Harneys previously reported on the far reaching implications of the landmark case of Strategic Turnaround in an earlier client update. Recently, in the case of Matador Investments Ltd, on which judgment was handed down on 27th August 2009, the Grand Court of the Cayman Islands has had occasion to consider the extent of the Strategic Turnaround decision.

Both cases fall along similar, but not identical facts. Both involve redemption requests from shareholders in a hedge fund, subsequent attempts by the hedge fund to suspend redemptions and both involve the presentation of a winding up petition by an investor whose redemption proceeds were unpaid due to the decision to suspend.

However, there were two principal differences identified by the court:

  1. In Strategic Turnaround, the fund’s articles and offering documents, when read together, empowered the fund to suspend redemptions and explicitly included the right to suspend the payment of redemption proceeds. In Matador the fund’s articles and offering documents only explicitly empowered the fund to suspend redemptions; they did not explicitly allow the suspension of the right to receive redemption proceeds.
  2. The Directors’ resolution in Strategic Turnaround came before the date on which payment of the redemption proceeds fell due. In Matador the reso lution to suspend redemptions was only made after the payment date had passed.

Quinn J made some clear statements regarding the extent to which the Court of Appeal’s approach in Strategic Turnaround would be applied generally:

“The parties have a right to determine as a matter of contract how the redemption process operates and similarly any rights by the Company to suspend redemptions or the right to receive payment of the redemption proceeds. Unlike Strategic Turnaround, there is no wording in relation to a state of emergency or period of ‘extreme volatility or illiquidity’ which would give the Company the right to suspend ‘payment of the proceeds after redemption,’ nor can this Court infer any such power from the documentation.” . . . .

The Court of Appeal in Strategic Turnaround did not lay down a uniform code to apply to the construction and interpretation of Articles and accompanying Offering Memorandum of Cayman Islands Mutual Funds companies. Strategic Turnaround is no authority for the proposition that a Fund may impose a suspension on an investor’s right to receive redemption proceeds at any time. Furthermore, there is no authority of which this Court is aware, that a Fund, in the absence of an express power, may purport to institute a retrospective suspension of payment of redemption proceeds. This Fund, like any other fund, must have regard to the redemption dates and times for payment as stipulated in the pertinent fund documents and agreed between the parties.” [Emphasis added.]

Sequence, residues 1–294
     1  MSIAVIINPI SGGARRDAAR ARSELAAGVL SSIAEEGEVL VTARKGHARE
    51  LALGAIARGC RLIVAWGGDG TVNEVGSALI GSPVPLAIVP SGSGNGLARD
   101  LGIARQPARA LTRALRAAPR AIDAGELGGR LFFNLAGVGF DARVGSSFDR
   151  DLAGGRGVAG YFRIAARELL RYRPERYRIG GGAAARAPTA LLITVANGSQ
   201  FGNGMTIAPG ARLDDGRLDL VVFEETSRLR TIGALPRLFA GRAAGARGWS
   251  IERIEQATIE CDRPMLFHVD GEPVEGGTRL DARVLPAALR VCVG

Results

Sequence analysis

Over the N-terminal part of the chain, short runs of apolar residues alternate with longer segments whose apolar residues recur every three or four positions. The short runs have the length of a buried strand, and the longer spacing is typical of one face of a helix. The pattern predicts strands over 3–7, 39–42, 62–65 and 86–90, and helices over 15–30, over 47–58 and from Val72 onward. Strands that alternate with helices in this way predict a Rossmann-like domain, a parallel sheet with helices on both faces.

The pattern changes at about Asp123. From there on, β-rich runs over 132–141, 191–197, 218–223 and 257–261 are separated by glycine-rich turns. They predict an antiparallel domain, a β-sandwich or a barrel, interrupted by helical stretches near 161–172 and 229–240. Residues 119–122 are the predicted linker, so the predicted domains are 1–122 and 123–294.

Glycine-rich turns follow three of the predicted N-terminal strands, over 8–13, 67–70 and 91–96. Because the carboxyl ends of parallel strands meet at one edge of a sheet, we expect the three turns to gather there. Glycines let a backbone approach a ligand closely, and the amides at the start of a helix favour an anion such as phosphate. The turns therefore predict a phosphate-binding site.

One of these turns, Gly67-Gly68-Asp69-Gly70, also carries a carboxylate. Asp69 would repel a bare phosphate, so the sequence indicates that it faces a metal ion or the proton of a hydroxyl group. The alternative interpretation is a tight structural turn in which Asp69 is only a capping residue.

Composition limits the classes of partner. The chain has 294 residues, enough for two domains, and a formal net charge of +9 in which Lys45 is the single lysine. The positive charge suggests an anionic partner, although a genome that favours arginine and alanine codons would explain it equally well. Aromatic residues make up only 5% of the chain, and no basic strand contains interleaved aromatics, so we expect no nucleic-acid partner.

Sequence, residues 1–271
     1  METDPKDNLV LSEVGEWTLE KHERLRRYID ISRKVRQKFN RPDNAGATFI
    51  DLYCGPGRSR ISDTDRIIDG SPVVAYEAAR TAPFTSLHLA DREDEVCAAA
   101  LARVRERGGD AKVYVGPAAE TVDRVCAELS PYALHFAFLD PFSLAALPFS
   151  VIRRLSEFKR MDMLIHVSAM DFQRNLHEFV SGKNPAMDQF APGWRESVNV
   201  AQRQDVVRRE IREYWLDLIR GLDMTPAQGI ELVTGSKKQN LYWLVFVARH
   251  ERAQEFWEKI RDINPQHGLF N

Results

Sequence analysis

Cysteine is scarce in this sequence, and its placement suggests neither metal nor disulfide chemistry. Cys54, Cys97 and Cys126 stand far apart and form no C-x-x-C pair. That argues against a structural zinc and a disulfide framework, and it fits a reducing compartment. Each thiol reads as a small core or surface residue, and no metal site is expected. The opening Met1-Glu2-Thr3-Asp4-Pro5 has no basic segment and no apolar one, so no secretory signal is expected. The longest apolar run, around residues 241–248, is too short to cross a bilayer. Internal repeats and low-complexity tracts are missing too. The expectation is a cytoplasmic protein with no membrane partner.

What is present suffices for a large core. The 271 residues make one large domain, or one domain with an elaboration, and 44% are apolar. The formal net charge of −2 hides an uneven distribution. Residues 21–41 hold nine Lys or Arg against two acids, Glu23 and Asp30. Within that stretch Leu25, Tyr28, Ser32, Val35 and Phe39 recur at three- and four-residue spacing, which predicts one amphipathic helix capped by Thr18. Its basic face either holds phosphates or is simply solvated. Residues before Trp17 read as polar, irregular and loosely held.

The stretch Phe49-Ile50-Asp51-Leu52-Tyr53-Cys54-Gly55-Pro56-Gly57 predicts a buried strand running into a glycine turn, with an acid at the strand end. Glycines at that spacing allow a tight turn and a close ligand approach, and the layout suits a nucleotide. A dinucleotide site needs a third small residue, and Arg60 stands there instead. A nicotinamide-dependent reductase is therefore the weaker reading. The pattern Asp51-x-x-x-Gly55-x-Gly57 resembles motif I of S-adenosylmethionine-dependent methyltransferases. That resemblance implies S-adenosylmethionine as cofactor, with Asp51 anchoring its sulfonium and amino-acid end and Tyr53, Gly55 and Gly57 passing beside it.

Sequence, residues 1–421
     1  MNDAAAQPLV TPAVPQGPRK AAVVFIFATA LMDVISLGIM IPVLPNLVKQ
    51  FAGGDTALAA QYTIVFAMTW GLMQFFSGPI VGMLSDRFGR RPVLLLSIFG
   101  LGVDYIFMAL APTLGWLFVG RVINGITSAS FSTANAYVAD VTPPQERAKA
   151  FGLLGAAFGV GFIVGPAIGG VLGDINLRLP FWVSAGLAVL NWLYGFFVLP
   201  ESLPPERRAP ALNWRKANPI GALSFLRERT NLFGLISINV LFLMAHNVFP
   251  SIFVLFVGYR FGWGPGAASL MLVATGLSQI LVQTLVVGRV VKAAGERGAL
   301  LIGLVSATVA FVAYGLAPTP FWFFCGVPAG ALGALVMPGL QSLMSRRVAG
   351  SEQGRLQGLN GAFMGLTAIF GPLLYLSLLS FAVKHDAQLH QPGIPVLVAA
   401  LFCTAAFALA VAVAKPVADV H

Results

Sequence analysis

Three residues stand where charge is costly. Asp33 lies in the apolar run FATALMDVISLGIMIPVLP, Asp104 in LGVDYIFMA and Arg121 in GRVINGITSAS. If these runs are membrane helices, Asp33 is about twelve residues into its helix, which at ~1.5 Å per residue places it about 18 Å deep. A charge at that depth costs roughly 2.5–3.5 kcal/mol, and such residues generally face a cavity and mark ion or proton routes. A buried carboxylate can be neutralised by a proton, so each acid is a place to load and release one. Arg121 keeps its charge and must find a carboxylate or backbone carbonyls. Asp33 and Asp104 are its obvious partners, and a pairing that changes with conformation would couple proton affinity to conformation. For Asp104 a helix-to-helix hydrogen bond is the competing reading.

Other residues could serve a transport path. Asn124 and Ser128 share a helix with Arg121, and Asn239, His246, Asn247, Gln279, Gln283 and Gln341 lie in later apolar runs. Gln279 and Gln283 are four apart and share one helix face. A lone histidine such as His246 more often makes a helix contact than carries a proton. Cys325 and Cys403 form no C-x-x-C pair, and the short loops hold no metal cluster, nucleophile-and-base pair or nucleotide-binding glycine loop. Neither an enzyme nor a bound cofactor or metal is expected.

This case provides clear guidance to managers and directors of funds when considering whether and to what extent they can suspend redemptions. In particular, the case suggests that the Court:

  • will interpret each set of articles and offering documents on their face;
  • will not imply terms into suspension of redemption provisions that are contrary to the effect of the express terms contained in the articles and offering documents; and
  • is likely to interpret the term “suspension of redemptions’ narrowly and so will not automatically include all five of the elements identified by Vos, LJ as making up the process of redemption into this phrase unless there is a clear intention to do so evidenced in the governing documents.

What was not directly considered in this case and still remains in question is whether the Court would find that an investor had standing to bring the Petition as a petitioning creditor if an attempt was made to suspend the redemption process after the Redemption Date had passed but before the Net Asset Value calculation had been finalised in circumstances where there was an absolute timescale for payment of redemption proceeds after the Redemption Date.

As a result of the differences the Court in Matador decided that the unpaid redemption proceeds were due to be paid. This was on the grounds that there had been no suspension in place at the date on which the redemption proceeds fell to be paid as well as that, in any event, the fund had no right to suspend the payment of redemption proceeds. The Court went on to hold that the Petitioner had standing to bring the Petition as a petitioning creditor given that the time for payment had expired well before the purported suspension.

The Matador case serves as a timely reminder, if one were needed, of the central importance of ensuring that each fund’s articles and offering documents have explicit and clear provisions detailing all the rights the directors may need in order fully and effectively to suspend the redemption process.

We understand that steps have been taken to appeal the decision in Matador. Until that appeal is resolved, this case provides a good indication of how Strategic Turnaround is being applied in practice by the Lower Court.